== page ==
Fees for Divorce Mediators: What’s Deductible?by
As an attorney and author who has written and lectured extensively about the tax aspects of divorce, I frequently receive questions from splitting spouses going through the divorce process. A recurring question is whether the IRS permits couples contemplating divorce to take tax deductions for payments to divorce mediators or matrimonial attorneys.
The IRS generally says ânoâ to tax deductions that might ease the pain of divorce. The agency has no sympathy for payments to mediators or litigators and other costs associated with a divorce. It characterizes those outlays as nondeductible personal expenses.
Fortunately, that's not the end of the story. The general rule is subject to a limited exception that allows some couples to deduct payments that are specifically for tax advice on such matters as home sales and other property transfers and dependency exemptions for their children, just the same as they deduct payments for preparation of their 1040 forms.
A reminder for couples who need help with their tax problems and turn to lawyers, accountants, financial planners, or other professionals: The IRS tightly restricts write-offs for such advice.
Here's how the restrictions apply to a hypothetical couple we'll call Walter and Phyllis Neff. For starters, the Neffs lose out on any tax break for advice if they claim the standard deduction amount (the no-questions-asked amount that is adjusted annually to reflect inflation and is automatically available without the need to itemize on Form 1040's Schedule A).
The Neffs get to deduct payments for advice only if they itemize on Schedule A, where they list those payments with other miscellaneous expenses â a wide-ranging category. It includes things like unreimbursed employee business expenses, job-hunting expenses, and fees for investment advice.
Another limitation is that the couple can't claim all of their miscellaneous outlays for the year in question. The IRS allows them to deduct the advice payments and most other miscellaneous expenses only to the extent that their total in any one year exceeds 2 percent of their adjusted gross income (AGI). AGI is the amount of the last line of the first page of Form 1040.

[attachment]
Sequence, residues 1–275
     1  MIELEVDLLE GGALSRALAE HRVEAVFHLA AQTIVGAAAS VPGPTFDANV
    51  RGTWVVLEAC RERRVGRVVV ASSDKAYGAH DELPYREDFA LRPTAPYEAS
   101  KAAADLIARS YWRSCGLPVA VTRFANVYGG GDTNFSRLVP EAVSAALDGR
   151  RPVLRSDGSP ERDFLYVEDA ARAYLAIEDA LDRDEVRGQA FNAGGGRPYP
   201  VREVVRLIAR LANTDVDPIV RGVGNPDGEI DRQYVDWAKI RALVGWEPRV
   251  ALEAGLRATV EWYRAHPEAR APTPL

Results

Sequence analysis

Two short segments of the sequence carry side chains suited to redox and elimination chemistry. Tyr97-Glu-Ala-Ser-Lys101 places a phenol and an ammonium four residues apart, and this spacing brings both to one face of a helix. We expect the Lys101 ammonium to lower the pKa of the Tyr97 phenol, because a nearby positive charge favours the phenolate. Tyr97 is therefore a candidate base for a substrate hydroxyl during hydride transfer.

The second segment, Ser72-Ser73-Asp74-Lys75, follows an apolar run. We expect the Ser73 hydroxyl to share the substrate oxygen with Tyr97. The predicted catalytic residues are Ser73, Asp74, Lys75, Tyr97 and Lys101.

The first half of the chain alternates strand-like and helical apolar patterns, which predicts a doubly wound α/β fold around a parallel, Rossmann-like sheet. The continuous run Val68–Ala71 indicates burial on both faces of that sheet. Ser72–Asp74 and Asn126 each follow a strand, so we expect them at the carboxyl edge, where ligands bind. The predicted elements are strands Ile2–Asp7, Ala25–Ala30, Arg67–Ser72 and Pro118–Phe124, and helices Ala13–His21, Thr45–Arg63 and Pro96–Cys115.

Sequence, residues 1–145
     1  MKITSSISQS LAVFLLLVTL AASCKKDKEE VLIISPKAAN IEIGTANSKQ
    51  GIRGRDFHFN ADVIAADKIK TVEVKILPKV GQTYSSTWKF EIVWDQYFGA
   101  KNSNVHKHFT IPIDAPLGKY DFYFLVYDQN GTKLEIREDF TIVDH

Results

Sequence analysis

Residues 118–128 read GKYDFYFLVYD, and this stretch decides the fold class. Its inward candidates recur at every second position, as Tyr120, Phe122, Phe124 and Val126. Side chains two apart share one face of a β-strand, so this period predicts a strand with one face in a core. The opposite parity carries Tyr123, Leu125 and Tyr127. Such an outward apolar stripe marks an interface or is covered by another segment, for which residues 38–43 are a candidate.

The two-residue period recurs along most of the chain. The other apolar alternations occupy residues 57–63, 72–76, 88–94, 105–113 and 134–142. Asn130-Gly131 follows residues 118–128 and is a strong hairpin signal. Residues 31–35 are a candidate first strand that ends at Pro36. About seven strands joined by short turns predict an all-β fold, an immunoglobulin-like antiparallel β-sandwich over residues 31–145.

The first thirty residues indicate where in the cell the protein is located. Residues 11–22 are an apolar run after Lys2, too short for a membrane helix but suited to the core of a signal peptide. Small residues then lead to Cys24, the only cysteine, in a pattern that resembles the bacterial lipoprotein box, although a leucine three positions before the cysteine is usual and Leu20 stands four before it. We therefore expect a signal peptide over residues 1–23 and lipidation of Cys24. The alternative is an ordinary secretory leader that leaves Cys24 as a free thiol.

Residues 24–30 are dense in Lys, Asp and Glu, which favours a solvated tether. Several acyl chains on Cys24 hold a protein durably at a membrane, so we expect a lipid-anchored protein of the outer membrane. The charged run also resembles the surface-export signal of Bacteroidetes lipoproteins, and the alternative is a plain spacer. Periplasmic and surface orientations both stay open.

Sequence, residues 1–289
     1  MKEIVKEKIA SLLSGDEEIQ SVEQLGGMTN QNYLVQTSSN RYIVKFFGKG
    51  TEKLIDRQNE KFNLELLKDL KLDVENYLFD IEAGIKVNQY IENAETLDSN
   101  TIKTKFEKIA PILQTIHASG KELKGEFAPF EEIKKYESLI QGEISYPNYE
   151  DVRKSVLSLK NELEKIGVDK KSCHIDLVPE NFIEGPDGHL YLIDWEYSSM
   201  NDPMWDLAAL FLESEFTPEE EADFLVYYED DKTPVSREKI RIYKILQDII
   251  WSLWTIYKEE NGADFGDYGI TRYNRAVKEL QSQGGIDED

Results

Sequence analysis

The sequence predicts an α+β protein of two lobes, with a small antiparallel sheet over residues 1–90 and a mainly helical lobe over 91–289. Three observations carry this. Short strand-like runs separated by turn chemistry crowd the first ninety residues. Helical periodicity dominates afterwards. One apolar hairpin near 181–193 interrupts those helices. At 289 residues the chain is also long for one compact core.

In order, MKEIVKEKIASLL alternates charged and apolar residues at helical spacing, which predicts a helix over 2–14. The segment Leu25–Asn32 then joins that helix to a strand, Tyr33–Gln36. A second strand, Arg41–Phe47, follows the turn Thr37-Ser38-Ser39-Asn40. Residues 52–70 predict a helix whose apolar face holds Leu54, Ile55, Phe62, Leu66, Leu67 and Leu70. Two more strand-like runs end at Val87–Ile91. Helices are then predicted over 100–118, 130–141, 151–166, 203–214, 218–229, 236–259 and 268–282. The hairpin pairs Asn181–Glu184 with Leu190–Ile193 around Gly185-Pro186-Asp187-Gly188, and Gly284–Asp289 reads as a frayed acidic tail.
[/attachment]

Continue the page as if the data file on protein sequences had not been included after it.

For instance, suppose that the Neffs' AGI is $100,000 and their miscellaneous expenses total $3,000. Those numbers mean no deduction for the first $2,000 of expenses. Their allowable deduction shrinks to $1,000.
Worse yet, the Neffs forfeit any deduction for miscellaneous expenses if they're subject to the alternative minimum tax.
More than one taxpayer has learned the hard way that the courts won't bend these rules to permit deductions for divorce fees. Some of these wrangles read even better than television reality shows.
In one dispute, the US Tax Court threw out a deduction by a company for legal expenses paid on behalf of Clark Hartwell, its principal shareholder, when, in a divorce action, his wife sought to acquire an interest in his stock. The company got nowhere with its argument that the wife suffered from mental problems and that her intrusion in its affairs would have jeopardized its continued success.
In another clash, the judge had to decide whether Joel Jacobs was entitled to deduct hefty legal fees for his divorce as medical expenses. The judge was unmoved by Joel's explanation that his health had immediately improved after divorcing on his shrink's orders.
About the author:
Julian Block writes and practices law in Larchmont, New York, and was formerly with the IRS as a special agent (criminal investigator) and an attorney. More on this topic is available from âJulian Block's Year Round Tax Strategies,â available at julianblocktaxexpert.com.
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